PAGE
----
Friday, July 13, 2018

DOJ Wants AT&T-Time Warner Merger ReDo

The Justice Department is trying to undo AT&T Inc.’s purchase of Time Warner Inc., appealing the ruling that last month struck down one of the era’s highest-profile antitrust challenges, according to The Wall Street Journal.

The government initiated the appeal Thursday with a two-page notice in federal court, a month after U.S. District Judge Richard Leon rejected Justice Department arguments that the more than $80 billion cash-and-stock deal would suppress competition in the pay-TV industry.

AT&T closed the acquisition a short time after Judge Leon’s ruling, but agreed to keep Time Warner’s cable networks in a business unit separate from AT&T’s communication assets for now, in case the government chose to appeal.

The appeal won’t change anything at AT&T while the district court’s ruling remains in effect, but comes as an unwelcome distraction for the company, where executives were eager to plunge into the high-profile world of show business.

The matter now goes to the U.S. Court of Appeals for the District of Columbia Circuit, where a three-judge panel will consider the Justice Department’s claims that Judge Leon was incorrect. The appeals process could take many months, leaving lingering uncertainty over AT&T’s plans.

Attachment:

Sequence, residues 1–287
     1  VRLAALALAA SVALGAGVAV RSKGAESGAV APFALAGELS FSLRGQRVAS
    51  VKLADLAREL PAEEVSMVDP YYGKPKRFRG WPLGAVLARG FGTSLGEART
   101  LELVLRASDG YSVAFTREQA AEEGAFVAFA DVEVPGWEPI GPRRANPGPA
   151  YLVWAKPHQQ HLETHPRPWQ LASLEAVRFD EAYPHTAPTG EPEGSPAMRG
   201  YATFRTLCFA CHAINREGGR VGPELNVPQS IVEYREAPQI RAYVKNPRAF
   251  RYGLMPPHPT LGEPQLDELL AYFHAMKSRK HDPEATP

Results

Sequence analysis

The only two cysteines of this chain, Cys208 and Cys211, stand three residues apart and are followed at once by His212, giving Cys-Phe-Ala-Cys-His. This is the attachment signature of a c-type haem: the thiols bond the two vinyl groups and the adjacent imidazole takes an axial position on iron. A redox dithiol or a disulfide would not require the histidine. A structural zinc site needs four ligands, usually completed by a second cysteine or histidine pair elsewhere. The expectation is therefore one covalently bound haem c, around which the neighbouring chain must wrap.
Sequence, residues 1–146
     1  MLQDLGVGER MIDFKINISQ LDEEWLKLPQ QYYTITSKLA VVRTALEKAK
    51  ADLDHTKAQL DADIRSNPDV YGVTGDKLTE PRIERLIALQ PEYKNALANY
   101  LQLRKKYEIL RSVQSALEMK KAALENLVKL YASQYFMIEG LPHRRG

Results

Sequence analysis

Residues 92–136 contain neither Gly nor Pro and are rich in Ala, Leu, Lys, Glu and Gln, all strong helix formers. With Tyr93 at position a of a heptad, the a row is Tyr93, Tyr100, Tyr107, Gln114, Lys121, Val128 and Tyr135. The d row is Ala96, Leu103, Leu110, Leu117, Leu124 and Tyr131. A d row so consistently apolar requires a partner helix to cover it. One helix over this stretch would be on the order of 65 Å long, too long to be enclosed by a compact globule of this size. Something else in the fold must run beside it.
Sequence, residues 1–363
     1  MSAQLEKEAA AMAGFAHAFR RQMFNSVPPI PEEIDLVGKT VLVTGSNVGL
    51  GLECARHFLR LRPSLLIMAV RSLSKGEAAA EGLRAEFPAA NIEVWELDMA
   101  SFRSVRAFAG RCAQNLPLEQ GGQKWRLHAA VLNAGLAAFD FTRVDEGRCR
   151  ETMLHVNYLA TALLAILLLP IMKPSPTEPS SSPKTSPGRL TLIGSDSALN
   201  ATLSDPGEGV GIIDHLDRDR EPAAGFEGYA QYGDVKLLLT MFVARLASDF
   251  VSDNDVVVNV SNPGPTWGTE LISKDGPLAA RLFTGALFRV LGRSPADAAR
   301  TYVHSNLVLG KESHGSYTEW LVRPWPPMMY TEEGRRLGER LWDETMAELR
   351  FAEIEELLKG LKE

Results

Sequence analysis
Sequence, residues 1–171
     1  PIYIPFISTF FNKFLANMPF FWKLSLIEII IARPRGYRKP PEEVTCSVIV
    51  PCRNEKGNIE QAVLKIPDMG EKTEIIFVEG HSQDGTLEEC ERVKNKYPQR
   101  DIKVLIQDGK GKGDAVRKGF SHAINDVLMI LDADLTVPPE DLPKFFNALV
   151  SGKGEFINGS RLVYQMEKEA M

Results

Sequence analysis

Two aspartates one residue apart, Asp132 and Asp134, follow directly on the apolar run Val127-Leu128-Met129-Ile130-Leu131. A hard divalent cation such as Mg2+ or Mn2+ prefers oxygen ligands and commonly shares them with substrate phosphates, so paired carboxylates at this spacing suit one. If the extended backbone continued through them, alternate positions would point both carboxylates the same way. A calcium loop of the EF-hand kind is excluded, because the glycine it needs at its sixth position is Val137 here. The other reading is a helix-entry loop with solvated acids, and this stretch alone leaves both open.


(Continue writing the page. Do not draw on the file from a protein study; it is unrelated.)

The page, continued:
The Justice Department’s lawsuit against the merger was one of the most anticipated antitrust cases in a generation, and Judge Leon’s ruling was one of the department’s most stinging losses.

The NY Times reports the combination of the two companies has created a media and telecommunications giant with television stations, a movie studio, nearly 160 million wireless customers and a nationwide satellite television service, DirecTV. An AT&T executive is already in charge of Time Warner properties like HBO and the news network CNN.

The judge’s decision had almost immediately set off a round of intense deal talks among many of the biggest names in the industry, including Comcast and 21st Century Fox. Many media executives, including those at AT&T and Time Warner, say mergers among their companies are necessary to better compete against tech giants like Netflix and Amazon.

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